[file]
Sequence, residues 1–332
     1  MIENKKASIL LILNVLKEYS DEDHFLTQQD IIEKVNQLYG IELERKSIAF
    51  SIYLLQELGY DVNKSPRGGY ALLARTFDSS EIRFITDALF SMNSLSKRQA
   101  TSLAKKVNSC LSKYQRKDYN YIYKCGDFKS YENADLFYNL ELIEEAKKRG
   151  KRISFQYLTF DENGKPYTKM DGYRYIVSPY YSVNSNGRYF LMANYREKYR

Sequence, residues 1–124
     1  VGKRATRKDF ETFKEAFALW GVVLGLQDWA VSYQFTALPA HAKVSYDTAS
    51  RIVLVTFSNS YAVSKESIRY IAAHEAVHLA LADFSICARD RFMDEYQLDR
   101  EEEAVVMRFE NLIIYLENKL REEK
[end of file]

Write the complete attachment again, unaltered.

Sequence, residues 1–332
     1  MIENKKASIL LILNVLKEYS DEDHFLTQQD IIEKVNQLYG IELERKSIAF
    51  SIYLLQELGY DVNKSPRGGY ALLARTFDSS EIRFITDALF SMNSLSKRQA
   101  TSLAKKVNSC LSKYQRKDYN YIYKCGDFKS YENADLFYNL ELIEEAKKRG
   151  KRISFQYLTF DENGKPYTKM DGYRYIVSPY YSVNSNGRYF LMANYREKYR

Sequence, residues 1–124
     1  VGKRATRKDF ETFKEAFALW GVVLGLQDWA VSYQFTALPA HAKVSYDTAS
    51  RIVLVTFSNS YAVSKESIRY IAAHEAVHLA LADFSICARD RFMDEYQLDR
   101  EEEAVVMRFE NLIIYLENKL REEK